Handling disagreement like a Christian

Bishop Vigneron of Oakland wrote an excellent little piece last month, entitled “10 rules for handling disagreement like a Christian.” It’s well worth a read, and worth keeping firmly in mind as we debate various things around the blogosphere.

Two of his ten rules (they’re all good, but I didn’t want to quote the whole thing…):

2. The Rule of Publicity: “Think with the mind of the Church.”
This rule is simply a translation of the Latin axiom “Sentire cum Ecclesia.” This means that, when we disagree, the final measure for judging what’s on target and what’s off the mark is what the Church thinks, not, ultimately, what you think or what I think – not private opinion, but what the Church has said to all to know.

This is the reason I call this the “The Rule of Publicity.” The criterion for our deciding our disagreements is not one’s own private opinions, but the mind of the People of God, what the Church thinks.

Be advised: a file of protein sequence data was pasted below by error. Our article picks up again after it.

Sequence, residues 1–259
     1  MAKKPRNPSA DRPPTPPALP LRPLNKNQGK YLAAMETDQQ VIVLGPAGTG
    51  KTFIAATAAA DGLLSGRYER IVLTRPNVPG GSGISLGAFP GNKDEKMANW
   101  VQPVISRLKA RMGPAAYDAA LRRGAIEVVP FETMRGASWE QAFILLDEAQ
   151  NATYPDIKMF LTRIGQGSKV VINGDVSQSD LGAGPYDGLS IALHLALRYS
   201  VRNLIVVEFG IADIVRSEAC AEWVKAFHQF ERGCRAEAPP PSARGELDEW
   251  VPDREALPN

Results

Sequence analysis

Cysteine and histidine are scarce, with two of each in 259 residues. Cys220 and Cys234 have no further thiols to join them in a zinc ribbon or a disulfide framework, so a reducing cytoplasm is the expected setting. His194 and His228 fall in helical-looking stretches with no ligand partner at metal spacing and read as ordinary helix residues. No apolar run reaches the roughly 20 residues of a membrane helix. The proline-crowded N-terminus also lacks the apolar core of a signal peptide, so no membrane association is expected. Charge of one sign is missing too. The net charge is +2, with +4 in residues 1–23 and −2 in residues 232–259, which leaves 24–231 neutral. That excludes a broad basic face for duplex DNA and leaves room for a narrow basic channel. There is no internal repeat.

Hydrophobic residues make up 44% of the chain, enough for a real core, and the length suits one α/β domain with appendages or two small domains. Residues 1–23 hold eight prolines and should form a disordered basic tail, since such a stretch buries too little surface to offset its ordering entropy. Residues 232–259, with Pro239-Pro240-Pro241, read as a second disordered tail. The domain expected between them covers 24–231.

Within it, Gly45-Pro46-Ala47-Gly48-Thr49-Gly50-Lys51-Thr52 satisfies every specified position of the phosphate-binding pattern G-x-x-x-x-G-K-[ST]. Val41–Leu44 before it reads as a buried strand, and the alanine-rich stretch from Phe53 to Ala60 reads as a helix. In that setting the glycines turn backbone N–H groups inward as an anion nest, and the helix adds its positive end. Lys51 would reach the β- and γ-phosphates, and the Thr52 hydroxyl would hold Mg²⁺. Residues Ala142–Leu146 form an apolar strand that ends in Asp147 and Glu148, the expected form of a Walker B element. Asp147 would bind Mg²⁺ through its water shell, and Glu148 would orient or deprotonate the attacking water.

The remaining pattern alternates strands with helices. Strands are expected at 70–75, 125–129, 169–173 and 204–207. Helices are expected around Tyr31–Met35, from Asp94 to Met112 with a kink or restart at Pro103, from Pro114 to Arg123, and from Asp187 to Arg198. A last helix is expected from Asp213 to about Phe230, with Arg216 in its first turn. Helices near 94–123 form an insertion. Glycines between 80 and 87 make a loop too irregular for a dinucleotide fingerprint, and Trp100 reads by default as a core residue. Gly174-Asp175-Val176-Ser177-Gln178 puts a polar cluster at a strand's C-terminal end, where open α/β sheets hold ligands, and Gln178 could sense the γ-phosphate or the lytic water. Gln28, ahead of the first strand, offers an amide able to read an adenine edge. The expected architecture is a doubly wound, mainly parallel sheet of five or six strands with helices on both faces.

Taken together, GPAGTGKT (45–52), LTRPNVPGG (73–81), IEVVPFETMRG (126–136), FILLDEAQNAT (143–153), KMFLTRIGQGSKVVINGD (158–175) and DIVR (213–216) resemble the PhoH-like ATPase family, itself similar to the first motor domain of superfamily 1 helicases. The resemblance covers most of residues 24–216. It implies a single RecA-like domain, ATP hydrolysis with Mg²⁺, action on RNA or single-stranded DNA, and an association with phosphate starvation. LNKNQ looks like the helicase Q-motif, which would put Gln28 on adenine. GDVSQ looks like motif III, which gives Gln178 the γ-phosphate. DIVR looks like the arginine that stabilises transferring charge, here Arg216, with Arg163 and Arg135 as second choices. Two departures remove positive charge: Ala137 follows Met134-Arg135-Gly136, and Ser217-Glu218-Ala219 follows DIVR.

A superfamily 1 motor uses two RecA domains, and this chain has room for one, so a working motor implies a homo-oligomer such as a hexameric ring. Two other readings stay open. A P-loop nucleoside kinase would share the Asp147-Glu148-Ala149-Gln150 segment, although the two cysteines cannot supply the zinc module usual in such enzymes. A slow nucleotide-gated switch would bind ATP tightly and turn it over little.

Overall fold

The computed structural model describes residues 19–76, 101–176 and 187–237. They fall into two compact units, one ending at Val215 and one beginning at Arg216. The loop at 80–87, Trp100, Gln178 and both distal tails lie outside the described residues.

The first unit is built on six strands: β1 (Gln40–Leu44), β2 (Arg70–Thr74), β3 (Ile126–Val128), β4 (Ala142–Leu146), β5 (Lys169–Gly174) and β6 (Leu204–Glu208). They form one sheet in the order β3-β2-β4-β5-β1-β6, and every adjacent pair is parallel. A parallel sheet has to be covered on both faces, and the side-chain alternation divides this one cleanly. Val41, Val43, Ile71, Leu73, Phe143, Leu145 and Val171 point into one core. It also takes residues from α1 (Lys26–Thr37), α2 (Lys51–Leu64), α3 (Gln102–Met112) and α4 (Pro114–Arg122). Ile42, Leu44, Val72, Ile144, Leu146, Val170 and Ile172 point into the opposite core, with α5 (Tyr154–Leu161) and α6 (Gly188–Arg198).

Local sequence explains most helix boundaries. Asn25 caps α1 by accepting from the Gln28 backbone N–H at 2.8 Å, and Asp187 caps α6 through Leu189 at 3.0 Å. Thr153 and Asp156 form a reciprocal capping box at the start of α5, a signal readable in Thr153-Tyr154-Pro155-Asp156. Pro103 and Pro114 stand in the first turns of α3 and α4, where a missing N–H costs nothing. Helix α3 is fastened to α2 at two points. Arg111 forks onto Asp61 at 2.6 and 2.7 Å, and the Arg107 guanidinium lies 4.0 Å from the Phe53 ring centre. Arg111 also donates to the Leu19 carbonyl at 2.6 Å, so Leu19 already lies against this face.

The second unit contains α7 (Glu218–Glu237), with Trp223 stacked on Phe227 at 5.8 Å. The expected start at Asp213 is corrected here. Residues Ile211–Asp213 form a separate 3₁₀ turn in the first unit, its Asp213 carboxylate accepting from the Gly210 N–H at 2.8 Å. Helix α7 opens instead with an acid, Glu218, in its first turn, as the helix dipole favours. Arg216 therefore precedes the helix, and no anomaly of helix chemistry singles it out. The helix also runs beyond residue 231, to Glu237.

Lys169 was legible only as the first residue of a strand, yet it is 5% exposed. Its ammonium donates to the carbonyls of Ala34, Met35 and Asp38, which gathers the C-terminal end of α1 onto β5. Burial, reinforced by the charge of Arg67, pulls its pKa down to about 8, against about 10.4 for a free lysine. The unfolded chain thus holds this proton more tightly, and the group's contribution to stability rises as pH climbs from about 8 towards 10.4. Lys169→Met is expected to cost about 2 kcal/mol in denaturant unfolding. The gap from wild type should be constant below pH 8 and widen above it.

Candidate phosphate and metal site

In order to apply this rule effectively, we need to use a corollary: “Measure everything against the authoritative documents of the Magisterium.”

The logical question to follow any call for us to “think with the mind of the Church” is: How do I know what that is?

The answer is: “Look in the places where the Church has expressed her mind with authority.” Look in the writings of the Councils and the popes, in the Church’s laws, and in the teachings of her Fathers and Doctors. Any survey or poll, no matter how extensive or accurate, if it contradicts the Magisterium, is not the Church’s mind.

9. The Petrine Rule: “Nobody ever built up the Church by tearing down the pope.”
This rule follows quite logically from the one immediately above. The Holy Father’s leadership is part of the Church’s constitution from Christ. Because the pope is not the sort of democratic leader we are accustomed to in civil society, there is a tendency by some observers to characterize his office as a “throwback” to times that we have surpassed, a “burden” for the Catholic people that we would well be freed from. Not so.

The pastoral care we receive from the Holy Father is a great grace, St. Peter’s own service of his fellow disciples continuing to this very day. A great pope makes us a better Church.

(HT: Darwin)


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